Dec
18
comment Does one remonstrate another or does one remonstrate with another?
@StoneyB Okay, I'll post it.
Dec
18
comment Does one remonstrate another or does one remonstrate with another?
@jcolebrand When you are opposing a person, you are remonstrating with them ("I remonstrated with Joe"). When you disagree with a claim / object / person / person's behaviour / whatever, and you want to oppose it, you will remonstrate some words of opposition - most commonly these words of opposition will be direct speech (like in the Oxford dictionary example) or a clause of indirect speech starting with that (like in StoneyB's example below). The word is similar to "argue" in these cases ("I argued with Joe", "I argued that he was wrong", "'I find your behaviour appalling,' I argued").
Dec
18
comment Does one remonstrate another or does one remonstrate with another?
@jcolebrand Please calm down. I neither closevoted nor downvoted your post (nor told you to google anything). I am still waiting to find out what your question is. You still seem to be asking questions like "which should I use when?", and I don't see how we haven't answered you. This isn't a snide comment - please tell me what you still don't know, and I will try to help you.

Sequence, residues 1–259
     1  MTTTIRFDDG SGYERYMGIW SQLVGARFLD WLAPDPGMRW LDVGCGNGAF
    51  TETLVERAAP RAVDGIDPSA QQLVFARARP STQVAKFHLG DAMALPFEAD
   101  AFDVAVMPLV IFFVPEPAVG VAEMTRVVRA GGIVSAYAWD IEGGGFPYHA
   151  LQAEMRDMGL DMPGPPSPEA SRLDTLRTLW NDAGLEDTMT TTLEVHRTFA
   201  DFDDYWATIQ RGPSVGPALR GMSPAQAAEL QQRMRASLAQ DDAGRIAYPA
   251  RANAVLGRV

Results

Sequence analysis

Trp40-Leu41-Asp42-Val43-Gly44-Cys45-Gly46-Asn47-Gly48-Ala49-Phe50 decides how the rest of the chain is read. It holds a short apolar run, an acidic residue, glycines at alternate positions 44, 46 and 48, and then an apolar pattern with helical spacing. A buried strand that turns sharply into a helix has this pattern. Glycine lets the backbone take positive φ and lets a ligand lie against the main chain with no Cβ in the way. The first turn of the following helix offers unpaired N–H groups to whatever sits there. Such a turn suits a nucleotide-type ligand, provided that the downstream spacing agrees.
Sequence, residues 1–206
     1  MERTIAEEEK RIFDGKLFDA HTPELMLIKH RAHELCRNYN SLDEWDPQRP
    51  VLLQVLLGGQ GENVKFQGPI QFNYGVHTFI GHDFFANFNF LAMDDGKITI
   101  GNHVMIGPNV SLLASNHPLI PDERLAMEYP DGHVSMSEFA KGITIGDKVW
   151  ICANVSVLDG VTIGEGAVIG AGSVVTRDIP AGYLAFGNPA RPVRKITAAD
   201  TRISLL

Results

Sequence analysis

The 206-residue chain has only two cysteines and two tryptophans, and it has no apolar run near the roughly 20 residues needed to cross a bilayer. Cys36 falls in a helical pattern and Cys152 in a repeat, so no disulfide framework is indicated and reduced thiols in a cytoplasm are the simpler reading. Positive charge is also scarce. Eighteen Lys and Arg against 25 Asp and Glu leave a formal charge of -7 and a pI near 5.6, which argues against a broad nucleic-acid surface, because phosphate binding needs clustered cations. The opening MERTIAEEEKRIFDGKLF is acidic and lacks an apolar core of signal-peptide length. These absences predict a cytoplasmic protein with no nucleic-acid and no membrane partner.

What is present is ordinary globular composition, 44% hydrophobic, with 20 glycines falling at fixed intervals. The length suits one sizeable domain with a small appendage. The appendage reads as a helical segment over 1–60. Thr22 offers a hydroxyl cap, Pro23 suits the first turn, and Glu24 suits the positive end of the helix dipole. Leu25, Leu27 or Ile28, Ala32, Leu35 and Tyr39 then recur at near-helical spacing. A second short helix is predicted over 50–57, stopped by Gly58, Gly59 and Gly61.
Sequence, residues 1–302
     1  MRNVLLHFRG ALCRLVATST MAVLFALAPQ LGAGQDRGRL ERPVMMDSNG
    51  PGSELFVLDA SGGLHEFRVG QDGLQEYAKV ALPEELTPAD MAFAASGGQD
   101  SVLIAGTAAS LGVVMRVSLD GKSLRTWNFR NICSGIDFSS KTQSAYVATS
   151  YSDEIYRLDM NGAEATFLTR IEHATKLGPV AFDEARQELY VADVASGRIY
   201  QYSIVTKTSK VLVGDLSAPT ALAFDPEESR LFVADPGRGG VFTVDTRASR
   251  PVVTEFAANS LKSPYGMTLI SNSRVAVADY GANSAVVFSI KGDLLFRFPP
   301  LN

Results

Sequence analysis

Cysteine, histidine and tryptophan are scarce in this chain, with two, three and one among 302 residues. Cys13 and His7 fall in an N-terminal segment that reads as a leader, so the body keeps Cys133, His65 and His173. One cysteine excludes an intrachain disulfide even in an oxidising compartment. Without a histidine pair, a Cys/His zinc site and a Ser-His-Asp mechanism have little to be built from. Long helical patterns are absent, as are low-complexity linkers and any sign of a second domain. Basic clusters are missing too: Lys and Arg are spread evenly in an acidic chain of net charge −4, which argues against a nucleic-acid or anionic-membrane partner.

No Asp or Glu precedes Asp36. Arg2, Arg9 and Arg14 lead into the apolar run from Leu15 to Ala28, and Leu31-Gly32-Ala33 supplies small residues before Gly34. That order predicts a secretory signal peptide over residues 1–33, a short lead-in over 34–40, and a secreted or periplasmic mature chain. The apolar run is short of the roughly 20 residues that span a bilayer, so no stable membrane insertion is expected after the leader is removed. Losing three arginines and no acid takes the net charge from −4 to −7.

Dec
18
comment Does one remonstrate another or does one remonstrate with another?
@jcolebrand You seemed to ask "would it be better to say I remonstrated Joe or I remonstrated with Joe?". That is a simple binary question, and the answer is "the latter - go see a dictionary". I'm happy to believe you that there's a more profound question in there, but I can't work out what it is. Are you asking which is more common? books.google.com/ngrams/… How's this?
Dec
18
comment Does one remonstrate another or does one remonstrate with another?
merriam-webster.com/dictionary/remonstrate suggests that adding "with" is usual.
Dec
18
comment Difference between “I am doing lunch” and “I am having lunch”
To me, "to do lunch" seems to have a connotation of eating lunch with a secondary purpose in mind - "do lunch with a colleague/client" or "do lunch with a friend" - as if "lunch" was on your to-do list, for some reason, and you wanted to cross it off. "To have lunch" sounds quite neutral to me, on the other hand. If a friend said "we should do lunch" to me, it sounds like a future invitation to eat together; if a friend said "we should have lunch", it sounds as though it's reached lunchtime and we should both eat, and doesn't imply "together". But other people may think differently.